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Palliative Care – Llorens Pembrook, MD Video

Opening screen with title “American Health Journal” and swirling graphics in motion over blurred images of physicians.

[Serious music]

Announcer (V.O.): Palliative care is a multi-disciplinary approach delivering specialized medical care for patients with life threatening illnesses. Dr. Llorens Pembrook at Valley Presbyterian Hospital in the San Fernando Valley compares hospice care and palliative care.

V.O. visual: Elderly woman lying in a hospital bed with family members around her talking; Close-up of Valley Presbyterian Hospital sign on exterior of building; Pembrook walking up hospital hallway toward and past the camera.

Llorens Pembrook, M.D.: Palliative care started off as a continuum of hospice care. Hospice care is taking care of patients who are essentially…

Visual: Close-up of Pembrook, wearing a shirt, tie and white coat, is being interviewed in a studio with a bright blue and black background. He is introduced with the title “Llorens Pembrook, MD – Valley Presbyterian Hospital” in the lower-third.

Pembrook (V.O.): …end of life. Palliative care came along that looked at the symptoms of patients prior to that time.

V.O. visuals: Family praying with a minister in the hospital waiting room; young woman visiting an elderly woman in the hospital next to her bed;

Pembrook: And look across specialties, internists, hospitalists, oncologists, we found out that patients were not getting the quality, high level of care…

Pembrook (V.O.): …the support system, like a social care that they deserve, and pain management primarily. So the palliative care part of it is the…

V.O. visuals: Pembrook at the front desk of the unit looking at a computer monitor; different angle over his shoulder of computer screen as he types on the keyboard.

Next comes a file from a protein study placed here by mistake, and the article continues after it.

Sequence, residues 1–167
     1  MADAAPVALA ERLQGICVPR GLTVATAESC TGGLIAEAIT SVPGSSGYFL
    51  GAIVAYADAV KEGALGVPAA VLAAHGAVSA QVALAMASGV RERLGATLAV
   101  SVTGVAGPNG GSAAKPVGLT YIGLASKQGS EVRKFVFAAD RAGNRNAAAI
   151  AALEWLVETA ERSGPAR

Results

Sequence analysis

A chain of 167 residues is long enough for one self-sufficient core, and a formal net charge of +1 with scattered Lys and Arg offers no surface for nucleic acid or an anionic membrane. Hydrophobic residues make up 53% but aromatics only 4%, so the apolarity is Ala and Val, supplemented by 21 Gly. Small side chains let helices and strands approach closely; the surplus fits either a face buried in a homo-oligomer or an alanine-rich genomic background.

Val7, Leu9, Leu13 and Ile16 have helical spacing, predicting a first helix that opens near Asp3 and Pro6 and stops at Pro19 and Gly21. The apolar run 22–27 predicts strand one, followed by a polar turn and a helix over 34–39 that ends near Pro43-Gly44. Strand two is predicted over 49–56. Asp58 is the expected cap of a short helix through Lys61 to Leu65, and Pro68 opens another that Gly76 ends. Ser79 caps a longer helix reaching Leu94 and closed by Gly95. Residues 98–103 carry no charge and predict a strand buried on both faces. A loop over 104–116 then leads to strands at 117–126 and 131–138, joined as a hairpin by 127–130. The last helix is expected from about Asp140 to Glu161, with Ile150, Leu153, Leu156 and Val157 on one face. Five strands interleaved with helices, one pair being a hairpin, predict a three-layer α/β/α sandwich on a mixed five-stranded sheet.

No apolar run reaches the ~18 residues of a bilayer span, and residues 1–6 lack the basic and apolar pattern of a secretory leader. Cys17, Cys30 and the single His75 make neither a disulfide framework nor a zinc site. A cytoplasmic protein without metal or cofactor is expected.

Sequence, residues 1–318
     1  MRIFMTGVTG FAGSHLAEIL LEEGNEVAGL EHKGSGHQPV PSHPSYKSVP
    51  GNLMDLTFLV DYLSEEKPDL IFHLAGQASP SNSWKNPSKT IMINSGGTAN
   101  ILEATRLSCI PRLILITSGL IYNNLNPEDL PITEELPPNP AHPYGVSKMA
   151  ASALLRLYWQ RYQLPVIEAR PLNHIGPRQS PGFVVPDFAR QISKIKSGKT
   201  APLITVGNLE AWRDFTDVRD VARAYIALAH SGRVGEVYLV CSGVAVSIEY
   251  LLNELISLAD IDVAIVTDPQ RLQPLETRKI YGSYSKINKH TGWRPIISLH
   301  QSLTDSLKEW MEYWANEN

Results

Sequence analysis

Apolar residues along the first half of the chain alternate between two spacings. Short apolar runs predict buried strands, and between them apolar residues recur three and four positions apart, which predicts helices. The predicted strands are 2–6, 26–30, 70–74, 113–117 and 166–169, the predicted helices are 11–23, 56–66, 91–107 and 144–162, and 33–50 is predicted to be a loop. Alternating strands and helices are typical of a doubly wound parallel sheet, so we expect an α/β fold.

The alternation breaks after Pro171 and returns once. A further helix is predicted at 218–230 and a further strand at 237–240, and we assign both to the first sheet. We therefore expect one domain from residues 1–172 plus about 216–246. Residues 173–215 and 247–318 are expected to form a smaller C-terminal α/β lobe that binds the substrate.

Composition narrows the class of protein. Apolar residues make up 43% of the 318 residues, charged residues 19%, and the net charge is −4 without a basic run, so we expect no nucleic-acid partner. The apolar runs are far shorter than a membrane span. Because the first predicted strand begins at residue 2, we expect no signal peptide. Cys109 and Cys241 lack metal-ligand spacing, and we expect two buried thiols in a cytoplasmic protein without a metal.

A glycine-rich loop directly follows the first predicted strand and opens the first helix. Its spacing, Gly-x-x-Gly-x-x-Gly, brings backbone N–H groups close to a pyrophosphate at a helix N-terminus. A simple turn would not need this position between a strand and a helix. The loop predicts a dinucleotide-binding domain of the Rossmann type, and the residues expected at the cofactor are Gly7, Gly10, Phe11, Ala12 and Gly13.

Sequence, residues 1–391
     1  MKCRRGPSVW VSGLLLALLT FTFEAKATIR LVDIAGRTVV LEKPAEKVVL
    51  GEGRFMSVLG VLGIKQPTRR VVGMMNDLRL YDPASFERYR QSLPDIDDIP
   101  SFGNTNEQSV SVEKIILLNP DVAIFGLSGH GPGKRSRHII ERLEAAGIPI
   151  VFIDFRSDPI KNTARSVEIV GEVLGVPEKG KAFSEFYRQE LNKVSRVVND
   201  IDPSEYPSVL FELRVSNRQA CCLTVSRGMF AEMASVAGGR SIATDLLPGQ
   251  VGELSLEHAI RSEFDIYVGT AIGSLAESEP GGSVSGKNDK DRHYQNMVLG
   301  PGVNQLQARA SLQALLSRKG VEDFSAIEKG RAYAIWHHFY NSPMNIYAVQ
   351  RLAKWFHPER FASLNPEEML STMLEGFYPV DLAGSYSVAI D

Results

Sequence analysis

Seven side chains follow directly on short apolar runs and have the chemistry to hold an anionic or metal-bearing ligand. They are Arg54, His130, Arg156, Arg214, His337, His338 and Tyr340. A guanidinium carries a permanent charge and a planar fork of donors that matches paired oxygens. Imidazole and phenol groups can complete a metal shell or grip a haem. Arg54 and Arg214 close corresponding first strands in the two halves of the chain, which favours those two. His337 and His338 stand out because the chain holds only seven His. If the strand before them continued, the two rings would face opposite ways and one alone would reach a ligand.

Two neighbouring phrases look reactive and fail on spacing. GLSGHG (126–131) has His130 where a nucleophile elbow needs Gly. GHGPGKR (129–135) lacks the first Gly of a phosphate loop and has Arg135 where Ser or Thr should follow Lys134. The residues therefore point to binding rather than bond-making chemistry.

Pembrook: …subspecialty, working with the acute care physicians as well as the oncologists, both in and out of the hospital, and our job is primarily symptom control and support for the families.

Pembrook (V.O.): Dr. Pembrook examines the development of hospice and palliative care.

V.O. visuals: Blurred video of a female family member walking into a hospital room toward a patient in the bed.

Pembrook: Hospice care was developed in the United States back in 1982. So, it’s been here for a long time. Palliative care has only been for approximately ten years where you call in subspecialty physicians like myself to take care of those patients before (sweeping gesture with hand across screen) they die. So, it’s a continuum of taking care of the patients who are extremely ill, no curable medical problems, and then they pass that point (another sweep of hand) and they go into hospice care.

Announcer (V.O.): Dr. Pembrook discusses the support system that makes up the palliative care team.

V.O. visual: Pembrook talking with a female nurse in the hospital.

Pembrook: So the support consists of a core group of a physician who specializes in palliative care, a nurse who specializes in palliative care, a social worker, and then, a spiritual person, non-denominational spiritual person. Obviously what the spiritual person does is tremendous support for family members across the religious spectrum. The physician is in charge of the team.